Resilient Property Income Fund CEO Des de Beer. Picture: FINANCIAL MAIL
Resilient Property Income Fund CEO Des de Beer. Picture: FINANCIAL MAIL

Despite the weakness of the SA economy and global impact of Covid-19, mall owner Resilient says it is on track to pay a dividend for the year to June thanks to its diversified investments.

Resilient, which is led by CEO Des de Beer, owns a portfolio of 28 SA retail centres worth about R24bn. In November, it gave guidance of about 5% growth in dividends per share for its 2020 financial year to June.

For its 2019 financial year to June it paid total dividends worth 531.06c per share. This was 6.08% lower than the 565.44c per share declared for the year to June 2018.

Resilient also owns stakes in European retail landlord Lighthouse Capital and East European mall owner Nepi Rockcastle. Nepi Rockcastle is the largest retail landlord in central and eastern Europe.

“The board confirms its intention to continue to declare and pay dividends in line with the principles applied in the past. The group will receive a dividend of R43m from Lighthouse Capital on May 25 2020,” Resilient said in a statement on the JSE’s stock exchange news service on Friday.

The group’s distributable earnings for the six months to June 2020 will include any dividend declared by Nepi Rockcastle for its 2020 interim period.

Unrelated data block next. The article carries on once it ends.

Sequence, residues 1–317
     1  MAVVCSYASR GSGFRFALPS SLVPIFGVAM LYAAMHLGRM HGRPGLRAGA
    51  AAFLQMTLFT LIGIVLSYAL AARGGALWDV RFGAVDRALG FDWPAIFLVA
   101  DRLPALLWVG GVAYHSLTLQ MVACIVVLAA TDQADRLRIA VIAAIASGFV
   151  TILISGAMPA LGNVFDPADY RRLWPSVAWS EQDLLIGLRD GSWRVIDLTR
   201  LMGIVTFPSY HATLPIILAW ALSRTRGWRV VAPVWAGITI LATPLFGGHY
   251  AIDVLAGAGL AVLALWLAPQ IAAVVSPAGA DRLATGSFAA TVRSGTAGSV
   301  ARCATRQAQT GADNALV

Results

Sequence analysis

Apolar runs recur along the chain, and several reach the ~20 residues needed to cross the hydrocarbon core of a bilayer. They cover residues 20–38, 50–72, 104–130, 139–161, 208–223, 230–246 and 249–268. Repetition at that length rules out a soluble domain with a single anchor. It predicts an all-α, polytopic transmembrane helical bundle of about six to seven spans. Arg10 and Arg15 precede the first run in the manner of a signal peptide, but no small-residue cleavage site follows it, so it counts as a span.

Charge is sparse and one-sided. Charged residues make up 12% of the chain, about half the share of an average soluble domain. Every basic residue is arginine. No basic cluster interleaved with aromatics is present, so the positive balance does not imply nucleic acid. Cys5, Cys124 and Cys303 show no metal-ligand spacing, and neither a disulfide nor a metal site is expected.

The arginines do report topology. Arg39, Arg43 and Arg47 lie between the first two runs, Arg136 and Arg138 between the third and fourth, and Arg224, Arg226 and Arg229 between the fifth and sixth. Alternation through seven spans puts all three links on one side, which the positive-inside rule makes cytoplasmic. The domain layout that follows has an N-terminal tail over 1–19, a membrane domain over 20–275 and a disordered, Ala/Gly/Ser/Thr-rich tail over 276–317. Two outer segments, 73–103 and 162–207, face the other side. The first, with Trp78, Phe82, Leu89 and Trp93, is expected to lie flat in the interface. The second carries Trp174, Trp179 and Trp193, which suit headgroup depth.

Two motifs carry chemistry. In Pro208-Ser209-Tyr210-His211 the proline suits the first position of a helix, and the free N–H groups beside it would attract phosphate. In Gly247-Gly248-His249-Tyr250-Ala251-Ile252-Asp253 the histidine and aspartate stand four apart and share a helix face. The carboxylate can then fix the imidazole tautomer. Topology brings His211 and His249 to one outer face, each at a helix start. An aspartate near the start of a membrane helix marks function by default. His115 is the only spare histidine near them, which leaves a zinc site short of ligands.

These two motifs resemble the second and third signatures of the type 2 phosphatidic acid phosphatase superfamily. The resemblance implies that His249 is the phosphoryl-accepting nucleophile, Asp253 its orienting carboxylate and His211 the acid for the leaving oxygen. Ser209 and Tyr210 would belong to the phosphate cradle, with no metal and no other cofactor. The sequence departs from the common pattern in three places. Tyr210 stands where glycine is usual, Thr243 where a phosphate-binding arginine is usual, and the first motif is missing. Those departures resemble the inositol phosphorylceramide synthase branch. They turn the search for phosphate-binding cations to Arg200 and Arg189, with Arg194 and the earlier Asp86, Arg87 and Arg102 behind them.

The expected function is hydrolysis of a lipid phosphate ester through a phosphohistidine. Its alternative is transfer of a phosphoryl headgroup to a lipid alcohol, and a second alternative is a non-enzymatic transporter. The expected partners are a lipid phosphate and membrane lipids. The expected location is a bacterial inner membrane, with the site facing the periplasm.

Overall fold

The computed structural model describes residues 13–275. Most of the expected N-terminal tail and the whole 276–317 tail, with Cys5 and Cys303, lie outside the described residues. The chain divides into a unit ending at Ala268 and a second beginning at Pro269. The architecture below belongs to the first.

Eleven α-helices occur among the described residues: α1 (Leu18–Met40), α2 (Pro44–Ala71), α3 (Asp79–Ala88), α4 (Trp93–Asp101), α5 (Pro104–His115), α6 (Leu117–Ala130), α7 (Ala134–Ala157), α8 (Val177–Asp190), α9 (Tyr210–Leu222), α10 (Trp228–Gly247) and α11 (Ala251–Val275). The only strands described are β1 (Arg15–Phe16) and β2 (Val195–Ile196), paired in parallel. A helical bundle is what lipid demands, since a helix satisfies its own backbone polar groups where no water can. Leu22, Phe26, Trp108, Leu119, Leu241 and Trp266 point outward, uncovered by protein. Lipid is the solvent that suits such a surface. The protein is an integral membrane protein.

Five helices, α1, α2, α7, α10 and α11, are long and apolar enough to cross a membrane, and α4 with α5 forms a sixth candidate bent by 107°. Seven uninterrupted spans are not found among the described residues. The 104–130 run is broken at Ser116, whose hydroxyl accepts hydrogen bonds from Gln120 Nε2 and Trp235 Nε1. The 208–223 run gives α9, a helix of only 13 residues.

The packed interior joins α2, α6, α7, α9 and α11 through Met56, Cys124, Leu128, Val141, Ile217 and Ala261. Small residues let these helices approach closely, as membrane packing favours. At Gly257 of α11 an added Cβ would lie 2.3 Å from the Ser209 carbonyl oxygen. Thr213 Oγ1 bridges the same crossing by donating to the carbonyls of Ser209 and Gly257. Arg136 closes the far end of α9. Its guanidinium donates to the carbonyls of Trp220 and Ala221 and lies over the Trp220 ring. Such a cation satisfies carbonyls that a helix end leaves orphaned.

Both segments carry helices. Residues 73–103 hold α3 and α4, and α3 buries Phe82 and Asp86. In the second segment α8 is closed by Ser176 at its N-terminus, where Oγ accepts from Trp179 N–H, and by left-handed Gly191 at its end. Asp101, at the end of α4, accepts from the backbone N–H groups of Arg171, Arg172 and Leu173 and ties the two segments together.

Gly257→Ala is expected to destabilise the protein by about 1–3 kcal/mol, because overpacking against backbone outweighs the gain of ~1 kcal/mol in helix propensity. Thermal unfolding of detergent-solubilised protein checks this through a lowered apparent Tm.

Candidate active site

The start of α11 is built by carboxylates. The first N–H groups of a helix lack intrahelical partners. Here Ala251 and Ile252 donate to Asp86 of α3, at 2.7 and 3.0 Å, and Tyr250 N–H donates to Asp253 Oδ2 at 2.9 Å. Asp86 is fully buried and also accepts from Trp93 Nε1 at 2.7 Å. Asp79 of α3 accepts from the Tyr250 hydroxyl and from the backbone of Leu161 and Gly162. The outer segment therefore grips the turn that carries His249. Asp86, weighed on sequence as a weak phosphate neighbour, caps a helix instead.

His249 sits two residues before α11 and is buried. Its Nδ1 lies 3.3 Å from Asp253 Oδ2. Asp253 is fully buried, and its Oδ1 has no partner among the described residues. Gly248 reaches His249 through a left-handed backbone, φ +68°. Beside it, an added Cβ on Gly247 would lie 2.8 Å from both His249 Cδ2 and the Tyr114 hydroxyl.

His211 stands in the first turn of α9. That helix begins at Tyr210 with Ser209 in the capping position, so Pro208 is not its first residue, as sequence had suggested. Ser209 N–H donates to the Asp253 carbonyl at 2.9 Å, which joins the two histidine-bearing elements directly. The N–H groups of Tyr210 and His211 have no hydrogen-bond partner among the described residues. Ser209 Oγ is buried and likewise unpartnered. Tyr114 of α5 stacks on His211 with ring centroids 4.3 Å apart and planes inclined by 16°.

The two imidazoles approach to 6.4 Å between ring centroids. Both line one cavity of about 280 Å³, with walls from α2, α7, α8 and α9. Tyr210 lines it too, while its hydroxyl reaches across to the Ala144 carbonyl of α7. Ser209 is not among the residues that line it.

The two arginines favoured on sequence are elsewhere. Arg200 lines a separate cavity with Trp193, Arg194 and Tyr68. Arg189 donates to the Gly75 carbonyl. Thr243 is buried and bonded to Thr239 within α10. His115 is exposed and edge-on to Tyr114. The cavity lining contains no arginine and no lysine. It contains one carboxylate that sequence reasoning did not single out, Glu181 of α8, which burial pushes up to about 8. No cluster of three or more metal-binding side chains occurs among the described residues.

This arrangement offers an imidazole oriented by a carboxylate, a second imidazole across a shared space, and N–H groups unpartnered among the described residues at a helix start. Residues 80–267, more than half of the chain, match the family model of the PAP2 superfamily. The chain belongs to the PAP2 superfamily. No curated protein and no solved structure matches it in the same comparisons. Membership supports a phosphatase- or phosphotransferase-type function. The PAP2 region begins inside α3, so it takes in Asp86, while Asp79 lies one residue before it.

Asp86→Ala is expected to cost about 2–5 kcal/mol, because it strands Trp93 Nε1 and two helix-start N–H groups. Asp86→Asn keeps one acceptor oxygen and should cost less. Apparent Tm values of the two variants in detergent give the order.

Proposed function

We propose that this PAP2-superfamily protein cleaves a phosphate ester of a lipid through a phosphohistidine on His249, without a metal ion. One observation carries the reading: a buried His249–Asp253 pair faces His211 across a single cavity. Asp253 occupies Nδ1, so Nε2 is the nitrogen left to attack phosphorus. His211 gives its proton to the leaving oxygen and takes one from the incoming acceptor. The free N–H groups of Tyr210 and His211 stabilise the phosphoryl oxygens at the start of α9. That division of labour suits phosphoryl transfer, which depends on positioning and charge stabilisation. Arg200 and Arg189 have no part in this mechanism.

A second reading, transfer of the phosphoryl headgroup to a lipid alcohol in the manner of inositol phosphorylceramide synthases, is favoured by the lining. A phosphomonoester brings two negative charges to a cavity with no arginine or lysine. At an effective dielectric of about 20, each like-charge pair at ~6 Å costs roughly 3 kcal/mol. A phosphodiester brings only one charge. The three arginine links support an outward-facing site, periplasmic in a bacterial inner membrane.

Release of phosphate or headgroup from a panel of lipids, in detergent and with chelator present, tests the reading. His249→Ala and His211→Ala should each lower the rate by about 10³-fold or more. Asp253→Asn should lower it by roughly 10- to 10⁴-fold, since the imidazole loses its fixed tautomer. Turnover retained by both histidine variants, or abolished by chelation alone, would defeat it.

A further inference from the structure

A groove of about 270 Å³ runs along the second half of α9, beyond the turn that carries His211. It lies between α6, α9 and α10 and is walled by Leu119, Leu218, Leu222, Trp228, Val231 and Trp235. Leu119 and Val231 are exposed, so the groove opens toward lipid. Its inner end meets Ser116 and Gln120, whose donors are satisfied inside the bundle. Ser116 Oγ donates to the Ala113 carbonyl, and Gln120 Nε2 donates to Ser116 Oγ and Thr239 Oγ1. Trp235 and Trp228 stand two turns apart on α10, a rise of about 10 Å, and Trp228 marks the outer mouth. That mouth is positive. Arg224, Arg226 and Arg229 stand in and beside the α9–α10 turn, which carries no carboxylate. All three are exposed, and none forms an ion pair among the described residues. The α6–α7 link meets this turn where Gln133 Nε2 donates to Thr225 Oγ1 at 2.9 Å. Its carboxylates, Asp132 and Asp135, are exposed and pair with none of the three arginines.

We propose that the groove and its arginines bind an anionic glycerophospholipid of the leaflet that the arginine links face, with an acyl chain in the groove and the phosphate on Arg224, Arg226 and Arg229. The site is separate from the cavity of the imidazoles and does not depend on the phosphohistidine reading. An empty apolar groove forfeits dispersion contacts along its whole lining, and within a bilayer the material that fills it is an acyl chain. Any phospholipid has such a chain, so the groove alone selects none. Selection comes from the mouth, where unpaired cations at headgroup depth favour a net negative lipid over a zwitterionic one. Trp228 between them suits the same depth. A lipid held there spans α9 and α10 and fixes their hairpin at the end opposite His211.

As the company has withdrawn its 2020 earnings guidance, Resilient will delay the publication of its annual results to August 26, which is after Nepi Rockcastle is scheduled to announce its interim results.

Rental payments

Resilient also said it is managing its exposure to national retailer Edcon.

Edcon was up to date with rental payments before the lockdown.

As stated in its interim results, from April 2019 Resilient has only included 59.1% of the basic rental received from Edgars, Edgars Beauty, Mac and Jet in its distributable earnings.

At end-December 2019, Resilient impaired by 50% the value of its investment in Edcon and a forward contract to receive further shares.

“In light of the recent announcement by Edcon of its intention to file for voluntary business rescue the group will fully impair the remaining balances at the end of June 2020 worth approximately R46m,” it said.

Resilient said it has been interacting with tenants, directly and through the Property Industry Group, which is representing property landlords and shopping centres during the Covid-19 pandemic.

“Resilient’s position is that the burden resulting from the lockdown should be equitably borne by all parties,” it said.

In line with management’s expectations, Resilient’s non-metropolitan shopping centres were trading better than those in metropolitan areas, because there was a higher percentage of essential-goods retailers in non-metropolitan centres.

These centres would also benefit from increased social spending.